And then I just looked at him and I said, no. I say okay, as if I understand the information. Mm-hmm. And one of the other senior partners heard it and like went running to say, actually, I think she's gonna survive. I had this grit inside of me. This fire. Good for you. So this senior partner tells that story a lot about, [00:24:00] you know, this the fire that it really takes.

To be underestimated time and time and time again. And having to look in the eyes of the person that, or under that is your underestimate and not go down, but to just rise above. And it's just something that happens at a moment. But it is, I think, the most crucial thing that I learned because I learned that nothing defines me but me.

 And if people don't really understand who I am and what are capable of, they just have to wait. They have and they will see and not just, you know, I think that it was, that is definitely a superpower that I got from being misunderstood. People never knew where, where to put me growing up. You know, she's not Latina, but she is, but she speaks Spanish, but she was born in Colombia, but she looks Russian.

Like, who are you? What are you? So I was used to. Being misunderstood. And so I take it upon my speech to, to help people [00:25:00] really get to know who I am and what I'm capable of. And so those are the beginnings in public affairs. And just, I grew a lot by being myself. I didn't conform I would say in many ways, which unfortunately is, I think.

 The story of what is asked of many people who are not traditional or underrepresented in some way. But I really pushed hard to, to go against the grain and there was a space for me to, to be myself. And as my sort of career progressed and the people within the firm saw how I was able to connect with clients.

It almost created a boomerang effect where they started to respect me because they could see how I had the decoding gift that you were talking about where mm-hmm. I knew if there was someone who wants to go straight to business, you go straight to [00:26:00] business. If there was someone who wants to get to know you because there's a trust element that needed to happen before you jump straight in, you give them that.

You're generous with yourself, you're generous with your time, and you allow them to get to know you on their time, not on what you expect is the timing that it should happen. And I think it was the. This sort of ability to understand those nuances that helped me continue to grow and to manage your position and then to be able to build my own things when I was at the Huffington Post and then being asked to come back to DC by that same senior partner who yell.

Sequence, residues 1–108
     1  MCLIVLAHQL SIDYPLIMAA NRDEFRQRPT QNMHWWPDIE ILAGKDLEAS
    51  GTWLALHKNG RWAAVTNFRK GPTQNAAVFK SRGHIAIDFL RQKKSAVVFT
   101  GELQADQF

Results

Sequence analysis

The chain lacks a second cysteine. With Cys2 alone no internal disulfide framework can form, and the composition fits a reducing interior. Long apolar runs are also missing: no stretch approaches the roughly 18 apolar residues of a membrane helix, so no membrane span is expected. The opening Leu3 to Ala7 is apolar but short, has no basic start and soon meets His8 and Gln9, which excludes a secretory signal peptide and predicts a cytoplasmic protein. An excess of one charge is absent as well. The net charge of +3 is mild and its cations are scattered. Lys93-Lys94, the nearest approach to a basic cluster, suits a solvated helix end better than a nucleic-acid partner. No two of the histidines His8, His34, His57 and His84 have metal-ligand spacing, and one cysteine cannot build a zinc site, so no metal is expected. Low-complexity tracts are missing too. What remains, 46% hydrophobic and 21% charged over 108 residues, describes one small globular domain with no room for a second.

To come back and help him build a a Latin America think tank in dc. The agility of being able to climb up and climb down constantly were I think things that really have served me well in my career.

Alyssa: I love that example. That's so [00:27:00] fantastic. So, so many of the, the things that you just mentioned are topics that I've been thinking with.

So that like being, being able to jump between places, but then also weaving between them to kind of create where you get to exist as yourself, even if other people. Can't place you like you're creating your own self. And then being, being a bridge maker and having it be this unique thing that you are bringing to the table because of your values and your, your upbringing and all these things that you have that.

Actually helps you in your career and in your personal ambitions, but, but comes from like this culturally located place of community and nuance and like you are able to see and sense things that other people can't, who haven't had to stretch themselves really.

Natalie: That's right. And yeah. Oh, and I think that obviously, you know [00:28:00] those are sort of the, the positive baggage that I bring to the table.

But I, you know, there are also things that I struggle with and I think that those are also a big part of Understanding the, the importance of being humble, of looking at life as an eternal learner. Because you know, if you're trilingual, you're always gonna mess up a certain sentence or you're always going to like, make something feminine that's masculine and you, this is a life log.